Tulsa Peace Fellowship

There never was a good war or a bad peace. ~Ben Franklin

Randall Robinson on Nelson Mandela, and the Success of the Boycott, Divestment & Sanctions Movement (BDS) in overthrowing the South African apartheid regime

from the rush transcript of the interview:
RANDALL ROBINSON: "5,000 Americans who came to the embassy over the following years—year to be arrested. And of course that helped to propel through the Congress the Comprehensive Anti-Apartheid Act of 1986. So, it—and then American investments in South Africa began to tumble. And, of course, that, combined with the internal pressures in the country, produced the circumstances in the government there, the readiness to negotiate and to ultimately release Nelson Mandela. ... [The divestment movement] made every difference. There was no inclination in government to change policy. There was in place a policy that the Republican government called "constructive engagement," meaning that, in effect, that we were on South Africa’s side and that sanctions would be the wrong thing, even though the ANC was asking us to do all that we could to put in place sanctions, because they knew, and we knew, that unless the government of South Africa felt the steel of some penalty for what they were doing, nothing would ever change. But once the loans began to disappear and the corporate investors began to disappear and the income and the size of the South African economy began to shrink, because of these efforts and because of these civil disobedience efforts across the United States, it made all the difference in the world.

And so, then we saw passed in 1986 in October the Comprehensive Act, with a Republican Senate overriding the veto of Ronald Reagan. It was the only time in the 20th century that an American president had suffered an override for a foreign policy measure, an override of a veto. So, it was historic. And it happened because of the leadership in the Congress working with us, the leadership of Senator Ted Kennedy, the leadership of Bill Gray in the House, the Congressional Black Caucus and many others—Richard Lugar, a Republican leader. Lowell Weicker, a Republican from Connecticut, became the first American member of the United States Senate to be arrested in an act of civil disobedience."


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Comment by Tony Nuspl on December 9, 2013 at 11:49am

"Israel initiated defense cooperation with apartheid South Africa. Israel profited handsomely from arms exports and South Africa gained access to cutting-edge weaponry at a time when the rest of the world was turning against the apartheid state. For the next twenty years, a Janus-faced Israel denied its ties with South Africa, claiming that it opposed apartheid on moral and religious grounds even as it secretly strengthened the arsenal of a white supremacist government. Israel and South Africa joined forces at a precarious and auspicious time. The alliance began in earnest after the October 1973 Yom Kippur War, and shared military and economic interests... This alliance exposed Israel to great risks in the realm of public relations, especially when the Jewish state’s legitimacy was already under attack at the U.N. from pro-Palestinian groups and aligning itself with the hated apartheid regime threatened to tarnish its reputation further. During the Rabin years, South African arms purchases breathed life into the Israeli economy and Israeli weapons helped to reinforce the beleaguered and isolated apartheid regime in Pretoria."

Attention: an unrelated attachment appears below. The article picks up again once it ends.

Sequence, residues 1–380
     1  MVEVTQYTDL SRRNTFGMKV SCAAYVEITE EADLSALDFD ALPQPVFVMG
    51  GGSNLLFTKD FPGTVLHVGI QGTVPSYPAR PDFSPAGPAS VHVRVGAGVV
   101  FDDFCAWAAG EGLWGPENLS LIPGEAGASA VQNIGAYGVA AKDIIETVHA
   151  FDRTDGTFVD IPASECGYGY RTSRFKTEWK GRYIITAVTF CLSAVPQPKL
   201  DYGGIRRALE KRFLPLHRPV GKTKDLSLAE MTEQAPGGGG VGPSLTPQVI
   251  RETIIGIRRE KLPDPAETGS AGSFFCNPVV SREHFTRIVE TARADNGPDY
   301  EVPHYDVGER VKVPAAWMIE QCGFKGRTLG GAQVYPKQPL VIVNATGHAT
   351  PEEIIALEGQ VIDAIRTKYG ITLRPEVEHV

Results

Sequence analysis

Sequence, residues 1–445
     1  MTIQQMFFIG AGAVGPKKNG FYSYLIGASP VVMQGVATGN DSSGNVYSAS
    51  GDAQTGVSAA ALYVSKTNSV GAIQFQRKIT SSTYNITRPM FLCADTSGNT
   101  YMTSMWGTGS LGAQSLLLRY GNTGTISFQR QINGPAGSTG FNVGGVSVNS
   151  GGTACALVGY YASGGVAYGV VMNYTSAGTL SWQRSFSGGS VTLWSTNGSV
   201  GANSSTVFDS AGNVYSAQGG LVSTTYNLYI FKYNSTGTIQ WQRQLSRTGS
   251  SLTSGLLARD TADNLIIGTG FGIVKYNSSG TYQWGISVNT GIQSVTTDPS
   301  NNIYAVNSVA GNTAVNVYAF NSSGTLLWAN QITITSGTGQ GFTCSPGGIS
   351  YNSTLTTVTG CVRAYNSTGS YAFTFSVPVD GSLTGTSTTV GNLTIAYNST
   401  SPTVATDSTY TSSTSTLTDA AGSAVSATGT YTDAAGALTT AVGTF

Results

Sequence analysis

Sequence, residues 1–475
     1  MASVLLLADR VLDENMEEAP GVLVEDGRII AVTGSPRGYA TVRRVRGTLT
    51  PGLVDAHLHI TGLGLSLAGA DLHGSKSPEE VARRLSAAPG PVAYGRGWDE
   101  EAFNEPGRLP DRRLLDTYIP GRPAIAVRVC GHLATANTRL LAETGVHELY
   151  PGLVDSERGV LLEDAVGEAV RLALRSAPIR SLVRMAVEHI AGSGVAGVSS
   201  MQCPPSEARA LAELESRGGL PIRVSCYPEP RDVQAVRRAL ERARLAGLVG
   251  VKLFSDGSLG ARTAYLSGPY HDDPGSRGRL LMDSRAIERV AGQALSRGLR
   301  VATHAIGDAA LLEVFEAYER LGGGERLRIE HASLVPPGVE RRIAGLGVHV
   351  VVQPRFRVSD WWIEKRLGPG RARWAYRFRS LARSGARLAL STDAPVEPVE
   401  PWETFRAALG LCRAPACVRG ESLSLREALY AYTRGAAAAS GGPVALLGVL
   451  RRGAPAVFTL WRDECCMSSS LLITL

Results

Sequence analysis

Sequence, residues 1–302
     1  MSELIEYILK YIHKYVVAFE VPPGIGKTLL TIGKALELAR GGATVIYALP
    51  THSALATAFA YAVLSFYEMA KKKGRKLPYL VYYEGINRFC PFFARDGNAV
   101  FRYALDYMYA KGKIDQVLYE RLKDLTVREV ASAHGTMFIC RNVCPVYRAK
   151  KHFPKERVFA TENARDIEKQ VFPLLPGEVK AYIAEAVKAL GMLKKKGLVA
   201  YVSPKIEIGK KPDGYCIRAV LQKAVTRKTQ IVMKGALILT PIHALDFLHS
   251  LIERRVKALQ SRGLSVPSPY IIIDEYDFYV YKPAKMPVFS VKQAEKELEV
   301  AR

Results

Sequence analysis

"These two isolated states formed an alliance that allowed South Africa to develop advanced nuclear missile technology and provided Israel with the raw material and testing space it needed to expand its existing arsenal of missiles and nuclear weapons. All of this occurred in the face of intense international criticism, surveillance by U.S. and Soviet intelligence agencies, and constant condemnation by the United Nations General Assembly.

This mutually beneficial relationship was forged outside the jurisdiction of international conventions such as the Nuclear Non- Proliferation Treaty (NPT) and the Missile Technology Control Regime (MTCR), the cornerstones of Western efforts to prevent the spread of weapons of mass destruction. The two countries developed and improved their respective weapons systems under such secrecy that not even American intelligence agencies knew the full extent of their cooperation. U.S. administrations couldn’t stop Israel from helping the apartheid state develop more advanced components of its nuclear arsenal."

"Even decades after the fact, Israel remains extremely sensitive about keeping secret the details of its collaboration with a regime that is now universally condemned as immoral. ... As the Israeli-Palestinian conflict festers and the prospects for peace appear gloomier each day, it has become increasingly popular to compare the situation in Israel to the dying days of the apartheid regime in South Africa."

Excerpted from The Unspoken Alliance by Sasha Polakow-Suransky Copyright © 2010 by Sasha Polakow-Suransky

posted online by Alex Kane on December 6, 2013 , under the title:
"The unspoken alliance: Israel’s secret relationship with apartheid South Africa"

Comment by Tony Nuspl on December 8, 2013 at 9:26pm

6 Dec 2013 — Dozens of Palestinians across the West Bank were injured and one detained as Israeli forces opened fire to disperse protests against the Israeli occupation, during the commemorating of Nelson Mandela’s death.




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